It does not matter what you were doing that day or how close in proximity you came to the professionally undefeated boxer and resident of Las Vegas, Nevada, with no known ties to the Sooner State. Because as long as you were doing it in Oklahoma, you were doing it on a day deemed by the governors office as a statewide celebration of Mayweather.
Earlier on Jan. 17, the office of Gov. Mary Fallin issued an official citation honoring Mayweather that day. What dumbfounded many Oklahomans about the decision, other than the fact that the boxer has utterly no local connection, is that Mayweather has been accused of domestic violence against women on numerous occasions. Hes not exactly a figure that should be championed on a statewide level.
In a video interview with NewsOK.com, Fallin responded to the wide backlash by saying the citation was made, in part, at the request of Mayweathers management in honor of his charity efforts in OKC that night. His AAU benefit bash donated an undisclosed portion of proceeds to the athletic organization.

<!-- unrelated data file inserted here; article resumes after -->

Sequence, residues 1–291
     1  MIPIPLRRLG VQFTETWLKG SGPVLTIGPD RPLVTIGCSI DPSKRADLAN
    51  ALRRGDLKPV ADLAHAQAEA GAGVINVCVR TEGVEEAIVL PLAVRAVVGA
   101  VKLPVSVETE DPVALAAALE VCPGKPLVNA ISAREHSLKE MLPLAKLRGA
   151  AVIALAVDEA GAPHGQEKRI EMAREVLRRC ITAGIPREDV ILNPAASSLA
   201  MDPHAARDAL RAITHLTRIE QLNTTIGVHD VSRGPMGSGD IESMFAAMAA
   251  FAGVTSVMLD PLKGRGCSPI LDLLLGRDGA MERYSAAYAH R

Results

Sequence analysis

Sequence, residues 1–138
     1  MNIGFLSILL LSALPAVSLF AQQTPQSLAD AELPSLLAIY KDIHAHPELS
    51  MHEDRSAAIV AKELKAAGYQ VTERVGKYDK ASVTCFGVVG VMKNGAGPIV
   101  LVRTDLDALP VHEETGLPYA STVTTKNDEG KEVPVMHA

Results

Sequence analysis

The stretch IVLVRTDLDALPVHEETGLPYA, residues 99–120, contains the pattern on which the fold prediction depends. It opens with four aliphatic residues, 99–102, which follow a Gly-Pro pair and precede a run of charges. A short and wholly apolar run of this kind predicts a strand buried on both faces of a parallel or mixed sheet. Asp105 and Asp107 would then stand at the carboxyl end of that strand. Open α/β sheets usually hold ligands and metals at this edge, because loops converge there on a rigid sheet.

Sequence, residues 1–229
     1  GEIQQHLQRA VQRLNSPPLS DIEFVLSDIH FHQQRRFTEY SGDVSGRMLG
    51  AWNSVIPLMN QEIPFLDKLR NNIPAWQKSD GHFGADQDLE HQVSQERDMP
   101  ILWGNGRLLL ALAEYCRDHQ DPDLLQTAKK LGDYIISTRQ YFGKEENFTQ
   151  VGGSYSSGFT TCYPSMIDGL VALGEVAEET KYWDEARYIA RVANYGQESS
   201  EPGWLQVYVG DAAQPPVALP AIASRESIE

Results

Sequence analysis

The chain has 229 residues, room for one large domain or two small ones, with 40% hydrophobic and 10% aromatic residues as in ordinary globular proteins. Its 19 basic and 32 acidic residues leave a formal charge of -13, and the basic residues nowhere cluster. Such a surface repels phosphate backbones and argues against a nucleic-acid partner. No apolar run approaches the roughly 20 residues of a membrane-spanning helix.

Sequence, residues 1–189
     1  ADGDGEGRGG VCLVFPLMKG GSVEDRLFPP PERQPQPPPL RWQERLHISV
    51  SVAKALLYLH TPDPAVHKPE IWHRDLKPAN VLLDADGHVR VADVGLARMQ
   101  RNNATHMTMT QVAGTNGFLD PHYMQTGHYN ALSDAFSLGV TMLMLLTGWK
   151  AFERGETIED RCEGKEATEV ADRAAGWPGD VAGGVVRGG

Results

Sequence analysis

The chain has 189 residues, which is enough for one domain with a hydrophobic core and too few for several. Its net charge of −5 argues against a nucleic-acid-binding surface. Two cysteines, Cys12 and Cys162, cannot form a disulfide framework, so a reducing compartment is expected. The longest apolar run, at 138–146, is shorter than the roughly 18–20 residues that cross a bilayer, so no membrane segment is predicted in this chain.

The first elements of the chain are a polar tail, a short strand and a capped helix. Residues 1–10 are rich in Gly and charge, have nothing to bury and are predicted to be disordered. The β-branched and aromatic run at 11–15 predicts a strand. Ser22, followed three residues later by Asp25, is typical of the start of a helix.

Usually the only type of May weather that gets celebrated around here is the type that did not include any harmful tornados. Oklahoma should try to keep it that way.
Fallin emphasized with NewsOK that the honor was a citation, not the more official proclamation, which requires legislative approval as if it should be comforting to know an alleged domestic abuser only received a half honor from the state.
In the interview, Fallin sounded as if she regretted her offices citation.
We try to have several eyes look upon it to make sure we dont have situations like this happen, she said. In this case, it didnt work quite the way I would hope it would.
No, it certainly did not. Oklahoma was sucker-punched by the champ.